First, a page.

tags:

Children’s Books > Arts, Music & Photography > Performing Arts > Dance

17. The Magical Garden of Claude Monet (Anholt’s Artists Books for Children)

by: Laurence Anholt
Release date: Oct 01, 2007
Number of Pages: 32
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Julie lives in Paris, but she longs to walk in a beautiful country garden. When her mother takes her on a visit to rural Giverny, Julie discovers a beautiful garden and befriends the man she believes is the gardener. In fact, he is the garden’s owner, the immortal artist Claude Monet. This is a title in Barron’s Anholt’s Artists Books for Children series, in which author and illustrator Laurence Anholt recalls memorable and sometimes amusing moments when the lives of the artists were touched by children. Anholt’s fine illustrations appear on every page and include reproductions of works by the artists.
tags:

Arts & Photography > Individual Artists

18. A is for Abigail: An Almanac of Amazing American Women

by: Lynne CheneyRobin Preiss Glasser
Release date: Sep 16, 2003
Number of Pages: 48
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Lynne Cheney and Robin Preiss Glasser collaborated on America: A Patriotic Primer, which captured the imagination of American children and became a national best-seller. Now they turn their hands to A is for Abigail: An Almanac of Amazing American Women and bring the great women of American history to life. Filled to the brim with words and pictures that celebrate the remarkable (although often unmarked) achievements of American women, this is a book to relish and to read again and again.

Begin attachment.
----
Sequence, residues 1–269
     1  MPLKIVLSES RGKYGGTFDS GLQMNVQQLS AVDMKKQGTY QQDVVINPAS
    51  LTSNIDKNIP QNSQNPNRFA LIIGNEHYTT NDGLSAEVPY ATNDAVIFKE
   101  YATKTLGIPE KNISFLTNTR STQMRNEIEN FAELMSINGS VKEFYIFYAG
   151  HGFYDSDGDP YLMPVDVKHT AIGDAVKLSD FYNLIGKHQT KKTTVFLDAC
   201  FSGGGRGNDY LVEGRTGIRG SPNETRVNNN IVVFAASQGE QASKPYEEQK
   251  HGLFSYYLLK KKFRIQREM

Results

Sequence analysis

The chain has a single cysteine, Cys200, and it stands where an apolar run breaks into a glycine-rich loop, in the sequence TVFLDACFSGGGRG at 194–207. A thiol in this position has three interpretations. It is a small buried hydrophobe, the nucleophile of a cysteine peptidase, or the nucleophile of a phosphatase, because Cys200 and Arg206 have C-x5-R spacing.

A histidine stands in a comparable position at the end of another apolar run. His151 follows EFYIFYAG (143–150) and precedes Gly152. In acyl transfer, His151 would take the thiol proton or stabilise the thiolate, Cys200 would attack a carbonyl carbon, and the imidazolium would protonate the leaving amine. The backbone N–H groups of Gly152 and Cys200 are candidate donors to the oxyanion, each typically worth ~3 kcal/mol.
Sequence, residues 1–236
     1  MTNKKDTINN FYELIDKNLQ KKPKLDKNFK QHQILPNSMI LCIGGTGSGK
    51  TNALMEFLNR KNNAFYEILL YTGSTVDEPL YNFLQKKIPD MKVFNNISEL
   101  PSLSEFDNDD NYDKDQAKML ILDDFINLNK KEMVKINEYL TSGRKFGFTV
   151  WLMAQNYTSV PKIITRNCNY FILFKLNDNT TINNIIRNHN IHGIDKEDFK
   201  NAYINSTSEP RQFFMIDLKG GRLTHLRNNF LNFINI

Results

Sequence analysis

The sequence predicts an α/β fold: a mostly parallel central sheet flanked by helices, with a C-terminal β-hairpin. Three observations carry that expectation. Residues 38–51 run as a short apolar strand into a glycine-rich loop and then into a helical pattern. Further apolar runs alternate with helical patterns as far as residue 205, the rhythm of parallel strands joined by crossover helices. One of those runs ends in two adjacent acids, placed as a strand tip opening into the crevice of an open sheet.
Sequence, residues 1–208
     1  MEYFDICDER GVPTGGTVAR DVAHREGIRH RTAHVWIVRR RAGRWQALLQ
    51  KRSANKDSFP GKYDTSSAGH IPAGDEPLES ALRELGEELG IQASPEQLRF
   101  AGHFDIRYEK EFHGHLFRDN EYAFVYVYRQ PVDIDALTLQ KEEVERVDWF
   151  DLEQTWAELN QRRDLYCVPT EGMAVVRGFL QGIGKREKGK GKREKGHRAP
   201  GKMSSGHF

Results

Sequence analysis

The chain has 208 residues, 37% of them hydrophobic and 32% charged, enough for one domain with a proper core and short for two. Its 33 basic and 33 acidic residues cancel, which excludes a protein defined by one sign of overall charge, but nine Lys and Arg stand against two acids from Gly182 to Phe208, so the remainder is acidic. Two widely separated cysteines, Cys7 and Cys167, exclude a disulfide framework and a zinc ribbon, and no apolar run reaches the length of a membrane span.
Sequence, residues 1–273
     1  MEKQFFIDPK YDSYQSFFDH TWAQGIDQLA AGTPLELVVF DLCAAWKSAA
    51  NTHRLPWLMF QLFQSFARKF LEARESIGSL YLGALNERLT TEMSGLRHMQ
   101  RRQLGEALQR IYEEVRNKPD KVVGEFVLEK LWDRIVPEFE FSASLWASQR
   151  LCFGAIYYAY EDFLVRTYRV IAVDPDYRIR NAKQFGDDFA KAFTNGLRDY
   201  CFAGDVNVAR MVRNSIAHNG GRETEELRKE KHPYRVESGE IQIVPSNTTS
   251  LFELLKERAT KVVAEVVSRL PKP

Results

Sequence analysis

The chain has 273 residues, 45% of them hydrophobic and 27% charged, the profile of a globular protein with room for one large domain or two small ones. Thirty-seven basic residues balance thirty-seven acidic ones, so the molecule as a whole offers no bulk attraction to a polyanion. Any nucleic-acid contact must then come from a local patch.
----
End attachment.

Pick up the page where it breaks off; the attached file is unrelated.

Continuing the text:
Mothers, daughters, schoolchildren, generations of families — everyone — will take Abigail Adams’s words to heart and “remember the ladies” once they read the stories of these astonishing, astounding, amazing American women.
tags:

Children’s Books > History > Europe

19. van Gogh and the Sunflowers (Anholt’s Artists Books for Children)

by: Laurence Anholt
Release date: Oct 01, 2007
Number of Pages: 32
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Young Camille befriends a strange visitor to his small town, and one day he brings this man a gift of bright, beautiful sunflowers. The man is the artist Vincent van Gogh, and the sunflowers quickly become the subject of a magnificent painting. This is a title in Barron’s Anholt’s Artists Books for Children series, in which author and illustrator Laurence Anholt recalls memorable and sometimes amusing moments when the lives of the artists were touched by children. Anholt’s fine illustrations appear on every page and include reproductions of works by the artists.
tags:

Children’s Books > Arts, Music & Photography > Art

20. Blockhead: The Life of Fibonacci

by: Joseph D’AgneseJohn O’Brien
Release date: Mar 30, 2010
Number of Pages: 40
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Breaking News: In April 2015 Blockhead was named a Mathical Honor Book.
 
As a young boy in medieval Italy, Leonardo Fibonacci thought about numbers day and night. He was such a daydreamer that people called him a blockhead.

When Leonardo grew up and traveled the world, he was inspired by the numbers used in different countries. Then he realized that many things in nature, from the number of petals on a flower to the spiral of a nautilus shell, seem to follow a certain pattern. 

The boy who was once teased for being a blockhead had discovered what came to be known as the Fibonacci Sequence!